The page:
Some sensors like ultrasonic scanners, neutron radiography etc. generate one-dimensional data. The characteristic of the imaging techniques is such that the point-spread function is two-dimensional. Extensive mathematical treatment is therefore required for making an image from the data recorded. The processing techniques adopted in these applications are termed as image reconstruction.



Quantification of parameters from the image is termed as image analysis. This may comprise of measurement of extent of vegetation, cultivable lands, urban areas or measurement of size, shape, spectral response of an identified area/ object. The routine procedure of image analysis comprises of following steps:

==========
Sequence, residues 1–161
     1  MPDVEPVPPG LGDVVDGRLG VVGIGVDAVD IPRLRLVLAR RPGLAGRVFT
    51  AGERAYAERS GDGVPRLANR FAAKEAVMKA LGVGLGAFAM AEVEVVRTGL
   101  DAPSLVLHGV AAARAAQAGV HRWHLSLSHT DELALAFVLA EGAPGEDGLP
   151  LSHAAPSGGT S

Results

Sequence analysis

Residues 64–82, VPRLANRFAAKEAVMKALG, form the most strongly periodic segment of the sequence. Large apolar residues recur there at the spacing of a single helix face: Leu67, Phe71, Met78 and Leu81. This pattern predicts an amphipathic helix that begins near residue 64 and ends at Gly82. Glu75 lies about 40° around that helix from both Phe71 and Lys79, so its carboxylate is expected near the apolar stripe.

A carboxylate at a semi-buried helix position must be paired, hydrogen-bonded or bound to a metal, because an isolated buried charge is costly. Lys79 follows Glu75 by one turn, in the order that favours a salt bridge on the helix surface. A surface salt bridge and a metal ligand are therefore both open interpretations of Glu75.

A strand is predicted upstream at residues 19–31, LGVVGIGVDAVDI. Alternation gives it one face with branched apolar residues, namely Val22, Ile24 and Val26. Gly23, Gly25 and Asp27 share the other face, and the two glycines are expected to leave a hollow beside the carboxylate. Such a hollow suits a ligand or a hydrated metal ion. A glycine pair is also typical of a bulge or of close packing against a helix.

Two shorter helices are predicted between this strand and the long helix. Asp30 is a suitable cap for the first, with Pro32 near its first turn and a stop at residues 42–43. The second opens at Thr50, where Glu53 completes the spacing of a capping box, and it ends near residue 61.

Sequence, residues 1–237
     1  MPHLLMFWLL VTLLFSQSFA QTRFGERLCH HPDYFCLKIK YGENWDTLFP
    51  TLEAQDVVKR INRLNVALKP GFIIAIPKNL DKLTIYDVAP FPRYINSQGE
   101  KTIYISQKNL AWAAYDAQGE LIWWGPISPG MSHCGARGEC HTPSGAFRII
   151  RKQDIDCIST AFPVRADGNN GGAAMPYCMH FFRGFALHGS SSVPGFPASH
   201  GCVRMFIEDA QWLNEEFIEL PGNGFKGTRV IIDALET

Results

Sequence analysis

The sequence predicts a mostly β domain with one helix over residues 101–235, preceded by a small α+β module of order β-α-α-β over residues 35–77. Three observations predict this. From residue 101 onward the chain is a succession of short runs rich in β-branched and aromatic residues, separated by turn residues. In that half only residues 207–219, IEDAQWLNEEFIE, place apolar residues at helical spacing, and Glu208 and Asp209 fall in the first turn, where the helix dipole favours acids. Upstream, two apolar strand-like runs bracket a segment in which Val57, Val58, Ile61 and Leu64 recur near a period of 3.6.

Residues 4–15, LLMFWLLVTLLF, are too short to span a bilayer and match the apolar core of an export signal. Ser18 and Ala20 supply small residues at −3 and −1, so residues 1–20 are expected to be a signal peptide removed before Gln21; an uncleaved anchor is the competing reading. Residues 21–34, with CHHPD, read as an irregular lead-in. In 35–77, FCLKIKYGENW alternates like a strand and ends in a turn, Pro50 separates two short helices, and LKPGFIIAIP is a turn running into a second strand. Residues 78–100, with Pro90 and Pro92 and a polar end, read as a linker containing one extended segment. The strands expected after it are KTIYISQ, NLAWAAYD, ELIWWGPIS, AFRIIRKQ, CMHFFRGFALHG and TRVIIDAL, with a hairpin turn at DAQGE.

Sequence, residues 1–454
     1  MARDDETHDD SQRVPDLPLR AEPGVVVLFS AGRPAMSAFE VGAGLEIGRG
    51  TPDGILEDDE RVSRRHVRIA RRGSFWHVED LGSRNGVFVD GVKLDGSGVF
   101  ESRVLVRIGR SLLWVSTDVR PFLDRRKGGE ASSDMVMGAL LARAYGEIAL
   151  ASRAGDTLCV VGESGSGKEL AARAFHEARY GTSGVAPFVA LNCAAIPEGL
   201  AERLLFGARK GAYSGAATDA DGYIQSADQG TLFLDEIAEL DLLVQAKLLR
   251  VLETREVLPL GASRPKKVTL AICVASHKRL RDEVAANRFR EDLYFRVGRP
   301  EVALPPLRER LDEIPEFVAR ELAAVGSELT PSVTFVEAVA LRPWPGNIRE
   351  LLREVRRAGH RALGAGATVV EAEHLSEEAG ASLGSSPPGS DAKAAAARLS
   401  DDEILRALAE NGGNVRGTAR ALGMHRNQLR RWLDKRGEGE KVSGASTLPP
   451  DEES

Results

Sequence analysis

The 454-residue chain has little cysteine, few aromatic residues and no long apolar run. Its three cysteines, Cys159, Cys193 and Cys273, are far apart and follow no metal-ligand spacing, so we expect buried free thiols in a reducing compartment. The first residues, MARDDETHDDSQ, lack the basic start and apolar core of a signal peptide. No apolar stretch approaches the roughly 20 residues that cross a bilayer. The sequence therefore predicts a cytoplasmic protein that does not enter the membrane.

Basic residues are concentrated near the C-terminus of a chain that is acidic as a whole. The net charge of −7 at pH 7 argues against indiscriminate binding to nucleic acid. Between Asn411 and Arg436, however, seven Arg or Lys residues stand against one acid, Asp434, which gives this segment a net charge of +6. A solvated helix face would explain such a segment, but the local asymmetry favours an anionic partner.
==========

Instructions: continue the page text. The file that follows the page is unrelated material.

Segmentation: The image segments with common qualities are isolated. The techniques used are called classification techniques. These techniques may be supervised or unsupervised. The supervised techniques require the operator to specify the characteristic of the classes. This may be done by visually identifying an area belonging to each class or by feeding the relevant information like mean and standard deviation of gray values. Popular methods based on this technique are Minimum distance classifier and Maximum likelihood classifier. The unsupervised methods of classification do not need any interaction from the user. The classification process is automatic by identifying close resemblance characterization. The methods are clustering and histogram based techniques.